I'm one of several members to be featured on AWP's online magazine.
What are those things among the leaves?
See all those bristly things that look like evanescent caterpillars among the leaves on this Sauvignon Blanc vine? They are clusters of grape buds in full bloom. If nothing goes wrong (rain or high winds can damage the delicate flower filaments, preventing fruit "set"), tiny berries will form. Over the summer they will grow, change from green to gold, soften and ripen.
Two things to note about this. First, this photo was taken on 5/18. That's nearly a month early for bloom.
Second, that's a lot of clusters. Last year's crop was plentiful. Two big crops in a row is unusual.
Stay tuned. It's still only May.
It's time to celebrate the 40 years since Domaine Chandon was founded in 1973 -- where has the time gone?
The winery is organizing a private event for current and former employees (aka the Domainiacs) during the evening of July 6. Just email your contact information to email@example.com to receive an invitation. And please pass this along to any alums who might not otherwise know of this opportunity to get together for picnic fare, ping pong, dancing and, of course, bubbly.
I look forward to seeing a lot of Domainiacs on July 6!
A flight of Pinot Grigio.
Our panel of four judges at the Riverside International Wine Competition (results) tasted 145 wines, plus another 40-50 finalists, in two days this week. To offset the numerous Pinot Grigios and Chardonnays we faced, we were given a gift of Barberas, Chiantis and Nero d'Avola and other reds to taste/evaluate blind. Spitting is de rigueur.
We (a sommelier, an importer of Italian wines, a consulting winemaker and former winery CEO me) did rate a number of wines unanimously, but more often were far enough apart to engender lively discussion and occasionally a retasting. In this situation there are a million shades of gray, and each of us was willing to adjust our score when one or more panelists was strongly supportive of a wine that the others had only liked or even initially disliked. (Wines change quickly in the glass.)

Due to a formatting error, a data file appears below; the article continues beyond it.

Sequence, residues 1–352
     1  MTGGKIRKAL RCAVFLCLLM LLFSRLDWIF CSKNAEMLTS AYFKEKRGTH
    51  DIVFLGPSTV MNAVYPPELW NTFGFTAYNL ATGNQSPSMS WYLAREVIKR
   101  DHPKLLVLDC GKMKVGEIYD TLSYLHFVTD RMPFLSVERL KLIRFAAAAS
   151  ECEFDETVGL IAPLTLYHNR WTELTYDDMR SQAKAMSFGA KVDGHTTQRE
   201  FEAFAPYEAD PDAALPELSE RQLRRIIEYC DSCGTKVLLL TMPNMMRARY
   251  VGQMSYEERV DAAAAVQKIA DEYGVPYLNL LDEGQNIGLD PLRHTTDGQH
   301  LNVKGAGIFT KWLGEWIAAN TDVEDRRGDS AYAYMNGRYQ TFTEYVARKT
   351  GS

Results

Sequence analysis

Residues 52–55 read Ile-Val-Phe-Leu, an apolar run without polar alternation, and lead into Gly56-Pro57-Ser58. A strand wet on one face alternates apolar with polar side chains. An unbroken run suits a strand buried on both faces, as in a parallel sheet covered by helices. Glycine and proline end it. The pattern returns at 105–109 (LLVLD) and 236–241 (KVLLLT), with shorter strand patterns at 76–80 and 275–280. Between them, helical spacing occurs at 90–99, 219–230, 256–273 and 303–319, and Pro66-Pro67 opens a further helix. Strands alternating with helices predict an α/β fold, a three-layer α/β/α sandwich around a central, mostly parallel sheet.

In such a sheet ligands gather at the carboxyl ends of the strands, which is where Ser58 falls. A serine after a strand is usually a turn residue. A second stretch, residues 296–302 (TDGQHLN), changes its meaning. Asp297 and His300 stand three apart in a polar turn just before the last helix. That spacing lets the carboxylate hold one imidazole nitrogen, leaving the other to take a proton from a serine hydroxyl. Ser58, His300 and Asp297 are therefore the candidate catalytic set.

Our panel concluded that we would make a high-functioning government for the USA.
Wineries do things differently in Oregon's Rogue Valley. Between Shakespeare plays and hikes in Ashland's lovely Lithia Park, the high school girlfriends squeezed in a day of wine touring last weekend.
Red Lily is a lovely place to visit, and makes very good wines. Fiasco (winery) was old school funky but fun; they will refill your personal "flask" from barrel at reasonable cost. Old hands that we are, we were nonetheless surprised by the greeters at Longsword Winery. Three Southdown Baby Doll rams, bred for their welcoming faces and gentle ways, wouldn't move out of the shady doorway. We had to enter the tasting room through a side door. Then the owner appeared with treats, precipitating the fat sheep version of leaping to attention. We learned that he won't have them sheared because it would be too upsetting. For them.
Don't even mention the Napa Valley in the same breath as Disneyland.
For years people have been asserting, writing, repeating, and believing, that Napa Valley is second only to Disneyland as a mecca for tourists in California.
This is not true. It has never been true. Not even close.
For the record, last year Napa Valley welcomed just under 3 million visitors. Compare that to Disneyland's 16 million -- about the same as San Francisco.
Watching this young climber start to cover the wall got me wondering whether we should rename the winery Villa Mille Roses. But then I remembered that our next door neighbor named her place Villa Mille Rose (who knows Italian grammar? not I) years ago, and has a sign out front to prove it.
We'll stick with Villa Ragazzi. Sounds better with Sangiovese, and gli ragazzi wouldn't like being replaced by roses.
Roses are in their first full flush here in Napa Valley. This 3-year old Cecile Brunner climber will get a haircut after its initial bloom, but that will slow it only a little before the curtain goes up on the next show.
The white milk cartons in the background are sheltering baby Sangiovese vines grafted last year.
In another week when frost season should be safely past, we will plant the heirloom tomato starts. Trying some new varieties this year.